Team Mago heartily agreed with Howard that this was a classy young red sporting a fresh leather nose and gobs of black fruit underpinned by Tuscan terroir. He also said something about “old Catholic church” but I don’t know what that tastes like, so I can neither confirm nor deny. I can certify, however, that there is no such thing as white Chianti, which is what the maladroit waiter in the train’s dining car tried to steer the hit man toward when he ordered red Chianti with his Dover sole. This was the gist of a conversation with the WineChap, who I found hiding from Elysium III and that evil soprano sax in the men’s room (along with the freakin’ DJ!) during the intermezzo between savory courses and dessert.
Wolf in the Fog’s pastry chef Joel Ashmore supplied the final dish of the evening in the form of rhubarb, dolce de leche, hazelnut, and strawberry sorbet. It was an excellent light dessert after a lot of food and way, way too much vino. The sorbet stood out both on the plate and on the palate. The pairing was from Loupiac, which is across the river from Sauternes and Barsac. The 100% Semillon 2000 Chateau di Ricaud was another great pairing that supplied an orange and apricot nose followed by honey and nectarine fruit without the intensely cloying noble rot that makes big sauternes unsuitable for most desserts (in my humble opinion).
Once the last course had been cleared there was nothing to shield us from Elysium III and slow death by track synching, unless you counted assisted soprano saxicide. I did my best to persuade the DJ to swap in a track of The Band’s “Hang Up My Rock and Roll Shoes,” but while he was clearly taken with the notion, he was also constrained by the need to earn. So Team Mago scuttled off into the night like rats deserting a sinking cruise ship.
Much, much later the next day, Team Mago attended a reunion of sorts at the Dockside Festival, wherein many of Tofino’s eateries set up booths to showcase the local seafood. Hung over and suffering from a classical crossover “Feel Like Making Love” earwig, I still managed to eat my body weight in raw Clayoquot oysters and sautéed goose neck barnacles, all washed down with local microbrews. On my way to the taps for a refill I ran into an enervated Chef Nutting serving up a tasty (albeit a bit diluted) Asian-themed salmon ceviche served on bok choy leaves. While the dish was not of the same caliber as his efforts of the previous night, his stamina and dedication could not fail to impress.
Then I noticed that, while the music was far better than the previous night, the synthesizer and the DJ were the same. I asked him what he thought of Elysium III, since neither piece of classical crossover eye candy was in attendance. He was very generous, observing that they possessed lovely voices and should simply have sung a cappella rather than track synched to symphonic versions of The Air that I Breathe, etc. Amen and amen. Neither of us, however, had the stomach to delve into a musical fix for Kenny Wannabe and his soprano sax.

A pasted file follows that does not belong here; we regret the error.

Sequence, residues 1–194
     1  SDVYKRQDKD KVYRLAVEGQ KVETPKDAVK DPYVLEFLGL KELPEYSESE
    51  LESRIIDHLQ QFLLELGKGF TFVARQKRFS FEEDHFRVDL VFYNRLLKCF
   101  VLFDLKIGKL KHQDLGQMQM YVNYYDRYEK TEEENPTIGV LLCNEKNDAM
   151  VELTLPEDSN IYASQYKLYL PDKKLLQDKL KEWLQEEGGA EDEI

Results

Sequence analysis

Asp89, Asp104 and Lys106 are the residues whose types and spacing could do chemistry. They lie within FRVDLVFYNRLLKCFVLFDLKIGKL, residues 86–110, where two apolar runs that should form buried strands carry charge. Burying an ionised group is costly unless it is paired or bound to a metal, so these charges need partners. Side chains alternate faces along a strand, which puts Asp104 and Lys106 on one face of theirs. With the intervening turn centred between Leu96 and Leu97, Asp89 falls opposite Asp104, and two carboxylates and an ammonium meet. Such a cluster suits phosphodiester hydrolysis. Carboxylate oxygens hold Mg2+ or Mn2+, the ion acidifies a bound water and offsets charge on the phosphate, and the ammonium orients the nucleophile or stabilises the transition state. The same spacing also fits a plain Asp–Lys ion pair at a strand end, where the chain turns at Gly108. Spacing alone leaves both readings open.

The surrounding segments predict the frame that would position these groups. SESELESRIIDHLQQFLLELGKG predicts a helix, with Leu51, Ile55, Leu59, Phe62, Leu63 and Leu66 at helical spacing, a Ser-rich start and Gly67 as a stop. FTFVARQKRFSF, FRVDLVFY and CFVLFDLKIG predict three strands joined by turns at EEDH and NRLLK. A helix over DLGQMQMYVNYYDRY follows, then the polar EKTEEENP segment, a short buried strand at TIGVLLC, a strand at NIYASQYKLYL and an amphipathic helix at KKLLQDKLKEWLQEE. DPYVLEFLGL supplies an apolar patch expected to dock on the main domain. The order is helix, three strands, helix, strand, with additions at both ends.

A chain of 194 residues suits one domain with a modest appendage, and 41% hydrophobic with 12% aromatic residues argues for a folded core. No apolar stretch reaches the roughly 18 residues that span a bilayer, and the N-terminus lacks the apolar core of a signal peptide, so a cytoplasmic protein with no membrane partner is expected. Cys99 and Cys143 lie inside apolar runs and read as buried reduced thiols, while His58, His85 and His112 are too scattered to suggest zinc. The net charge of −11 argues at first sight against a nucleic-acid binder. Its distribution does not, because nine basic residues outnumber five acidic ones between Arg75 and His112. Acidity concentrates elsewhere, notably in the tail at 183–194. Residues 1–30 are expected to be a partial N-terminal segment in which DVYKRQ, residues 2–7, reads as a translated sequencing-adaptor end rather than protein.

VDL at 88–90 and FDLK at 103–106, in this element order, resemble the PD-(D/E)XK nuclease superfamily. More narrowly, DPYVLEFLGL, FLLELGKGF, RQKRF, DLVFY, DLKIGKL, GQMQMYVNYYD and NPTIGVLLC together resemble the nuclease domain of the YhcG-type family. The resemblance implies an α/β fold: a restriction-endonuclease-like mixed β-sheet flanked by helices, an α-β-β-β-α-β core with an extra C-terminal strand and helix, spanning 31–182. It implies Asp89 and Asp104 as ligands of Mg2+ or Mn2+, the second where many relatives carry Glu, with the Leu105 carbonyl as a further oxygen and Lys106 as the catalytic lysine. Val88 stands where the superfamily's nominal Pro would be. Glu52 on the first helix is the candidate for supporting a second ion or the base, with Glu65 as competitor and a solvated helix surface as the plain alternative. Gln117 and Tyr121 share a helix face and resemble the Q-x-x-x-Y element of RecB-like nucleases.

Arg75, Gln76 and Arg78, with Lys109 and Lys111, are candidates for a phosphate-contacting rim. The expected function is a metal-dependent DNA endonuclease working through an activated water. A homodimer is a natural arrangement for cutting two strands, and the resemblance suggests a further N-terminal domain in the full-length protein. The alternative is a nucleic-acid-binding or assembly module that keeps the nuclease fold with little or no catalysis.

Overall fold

Next I literally ran into Herman while trying to eat a rustic clam and muscle stew. He immediately recognized me; it was not hard, I still sported the same rumpled (and now newly stained) togs. We had a great chat over a beer, during which he filled us in on what happened after we staggered past Elysium III shouting “sanctuary, sanctuary!!” around 10:30PM. The entertainment lasted until past midnight when the tux crowd decamped and management opened the bar to the staff. Herman said that the after-party party lasted until 4:30AM.
No wonder Chef Nutting looked like he had been rode hard and put away wet. But his dedication to his craft was fully on display then and during the previous evening. In general, I thought Nutting’s food blew Hawksworth’s away. To be fair, it was an away game for Hawksworth and the real pressure was on Nutting to defend his recent awards and to showcase Tofino’s maritime bounty. However, MagoGuide is currently planning a Vancouver foray and I think that we may well decide to give Chef Hawksworth’s lunch and dinner offerings a miss in favor of his bar or breakfast menus. Based on his dishes at the pairing dinner and a perusal of his eponymous restaurant’s web site, his fine dining fare strikes me as more technique than ingredient-driven and just a touch too haute for MagoGuide’s sweet spot.
Herman was also at pains to assure us that dinner at Wolf in the Fog was normally nothing like the previous evening’s banquet. “If you go tonight, everyone will be dressed like you,” he assured me, “including all the staff.” While we did not have time for another meal at Wolf in the Fog on this particular trip, I am very interested in returning (hopefully during storm season) to sample Chef Nutting’s regular offerings and find out what music he chooses to accompany his food. Wolf in the Fog is on a great culinary trajectory anchored by a superb location on the edge of the North American continent. Again, thank you Ms. Vora and bravo Chef Nutting!